A lot of people in the past 5 years or so have been suggesting that attention spans are on the quick decline. After all, you’ve probably heard that we now have a collective average attention span of 8 seconds, which is less than the 9 seconds that goldfish have. And even while that last statement was actually a blatant lie (just to be honest), it does seem to me that our collective reading attention span is going down.
After all, knowledge has been conveyed either by word of mouth or by written text for at least 2,000 years before today. People with books were the people with knowledge. In medieval times, the peons were the ones who couldn’t read. In the 1800’s, an extensive home library meant an extensive mind. More reading, more knowledge. Simple equation. In the 1900’s, newspapers were big. Small, dense lettering, almost everyone could read and the daily paper was available to everyone.
Then, the Internet.
Thank you, Al Gore (also a joke). But honestly, the Internet revolutionized something. What do we call this revolution? The Information Revolution. Within the same span of time as the life of Christ on Earth, we developed the ability to take a square out of our pocket and touch it in a way that lets us search almost every recorded thing that has ever happened. For all of the last few thousand years.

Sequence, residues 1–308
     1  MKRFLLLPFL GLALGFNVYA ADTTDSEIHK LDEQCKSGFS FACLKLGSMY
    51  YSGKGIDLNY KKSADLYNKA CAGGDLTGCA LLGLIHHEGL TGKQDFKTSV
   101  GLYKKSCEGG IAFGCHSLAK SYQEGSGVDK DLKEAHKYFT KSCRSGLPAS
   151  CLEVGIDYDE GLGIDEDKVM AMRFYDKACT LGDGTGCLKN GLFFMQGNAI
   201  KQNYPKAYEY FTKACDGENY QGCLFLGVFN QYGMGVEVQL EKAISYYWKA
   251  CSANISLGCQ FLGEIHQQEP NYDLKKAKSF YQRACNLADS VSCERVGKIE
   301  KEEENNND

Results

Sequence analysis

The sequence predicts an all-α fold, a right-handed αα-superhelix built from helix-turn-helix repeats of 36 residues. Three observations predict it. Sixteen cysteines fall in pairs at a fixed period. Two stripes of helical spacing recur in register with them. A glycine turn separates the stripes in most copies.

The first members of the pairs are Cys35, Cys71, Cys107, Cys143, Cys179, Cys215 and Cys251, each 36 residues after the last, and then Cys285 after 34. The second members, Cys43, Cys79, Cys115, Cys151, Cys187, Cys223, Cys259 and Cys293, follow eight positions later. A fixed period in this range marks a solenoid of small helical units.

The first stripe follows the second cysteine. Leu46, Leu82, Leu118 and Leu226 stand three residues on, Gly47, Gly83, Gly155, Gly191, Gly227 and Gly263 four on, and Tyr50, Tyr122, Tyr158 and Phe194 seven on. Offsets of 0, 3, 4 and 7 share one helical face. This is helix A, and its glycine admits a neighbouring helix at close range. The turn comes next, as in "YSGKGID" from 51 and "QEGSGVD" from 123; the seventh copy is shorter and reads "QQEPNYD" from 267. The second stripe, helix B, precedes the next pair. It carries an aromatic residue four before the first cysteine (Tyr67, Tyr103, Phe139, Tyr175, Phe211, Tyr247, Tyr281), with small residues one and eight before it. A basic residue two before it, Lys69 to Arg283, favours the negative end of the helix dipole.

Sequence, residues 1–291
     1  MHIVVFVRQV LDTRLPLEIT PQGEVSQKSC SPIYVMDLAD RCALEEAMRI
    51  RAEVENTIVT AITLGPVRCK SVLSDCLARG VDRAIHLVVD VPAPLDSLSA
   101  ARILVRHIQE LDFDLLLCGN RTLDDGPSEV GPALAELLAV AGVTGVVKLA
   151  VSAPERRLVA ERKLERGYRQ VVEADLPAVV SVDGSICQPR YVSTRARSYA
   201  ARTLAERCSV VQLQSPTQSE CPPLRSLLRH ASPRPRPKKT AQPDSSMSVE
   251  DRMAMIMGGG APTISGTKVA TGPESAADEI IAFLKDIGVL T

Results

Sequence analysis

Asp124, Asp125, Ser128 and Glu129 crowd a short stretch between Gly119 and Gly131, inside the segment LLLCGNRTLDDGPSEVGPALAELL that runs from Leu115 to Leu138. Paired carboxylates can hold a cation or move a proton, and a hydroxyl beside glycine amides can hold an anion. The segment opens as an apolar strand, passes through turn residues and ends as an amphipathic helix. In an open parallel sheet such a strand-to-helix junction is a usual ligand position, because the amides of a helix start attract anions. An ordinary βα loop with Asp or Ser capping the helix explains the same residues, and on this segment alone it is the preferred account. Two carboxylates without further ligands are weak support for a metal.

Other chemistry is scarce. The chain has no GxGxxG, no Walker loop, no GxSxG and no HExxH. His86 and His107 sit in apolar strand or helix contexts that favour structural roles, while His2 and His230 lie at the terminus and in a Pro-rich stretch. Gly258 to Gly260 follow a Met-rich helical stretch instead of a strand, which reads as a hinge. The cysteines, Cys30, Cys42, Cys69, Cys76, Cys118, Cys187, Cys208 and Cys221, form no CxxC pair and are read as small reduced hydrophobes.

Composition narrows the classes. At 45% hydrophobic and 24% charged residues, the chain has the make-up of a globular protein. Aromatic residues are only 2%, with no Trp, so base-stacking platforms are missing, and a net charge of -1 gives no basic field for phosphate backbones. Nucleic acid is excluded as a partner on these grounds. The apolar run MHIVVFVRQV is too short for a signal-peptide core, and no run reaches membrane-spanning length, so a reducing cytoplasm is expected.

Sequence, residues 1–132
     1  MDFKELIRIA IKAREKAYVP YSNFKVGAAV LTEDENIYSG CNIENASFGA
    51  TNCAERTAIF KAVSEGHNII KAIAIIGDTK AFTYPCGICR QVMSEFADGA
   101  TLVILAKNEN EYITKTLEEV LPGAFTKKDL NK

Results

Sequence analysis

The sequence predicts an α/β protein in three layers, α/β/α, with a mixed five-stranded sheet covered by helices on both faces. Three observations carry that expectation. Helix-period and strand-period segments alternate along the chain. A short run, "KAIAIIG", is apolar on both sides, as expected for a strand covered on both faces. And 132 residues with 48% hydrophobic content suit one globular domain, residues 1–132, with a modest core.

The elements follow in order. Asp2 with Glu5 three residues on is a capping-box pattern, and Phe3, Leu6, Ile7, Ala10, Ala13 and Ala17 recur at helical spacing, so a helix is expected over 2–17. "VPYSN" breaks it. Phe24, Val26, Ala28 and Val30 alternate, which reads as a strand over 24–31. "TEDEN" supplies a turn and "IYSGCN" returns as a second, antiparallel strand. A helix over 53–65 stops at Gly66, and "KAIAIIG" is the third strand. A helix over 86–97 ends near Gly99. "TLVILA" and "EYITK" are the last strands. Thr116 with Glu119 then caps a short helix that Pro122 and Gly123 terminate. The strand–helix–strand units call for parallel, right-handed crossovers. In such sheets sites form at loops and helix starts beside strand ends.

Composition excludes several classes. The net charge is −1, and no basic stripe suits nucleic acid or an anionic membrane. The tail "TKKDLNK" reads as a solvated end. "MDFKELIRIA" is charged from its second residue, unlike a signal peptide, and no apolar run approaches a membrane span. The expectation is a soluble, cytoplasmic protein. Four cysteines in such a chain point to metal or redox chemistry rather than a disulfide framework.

This isn’t to be cheesy, but just stop for a moment to think about that. Your grandparents didn’t grow up with the ability to do much other than go to the local library. Your parents were the exact same way. We’ve grown up with technology as another appendage. This has come with some incredible advances, but now most of us are literally on social media as much as we sleep, digesting information in 280 character blips, or posts with pictures or videos.
It makes it a lot easier to catch breaking information on the latest stock market trend or your latest political joke, but does it make it easier to have honest, truthful and deep conversation and debate? Probably not.
Ask yourself where you thought you’d be today when you were 10, and then ask yourself where you think you’ll be when you’re 40. Maybe a little more lengthy reading won’t kill you? Or maybe we’ll just need to wait for @Twitter to raise the character limit again.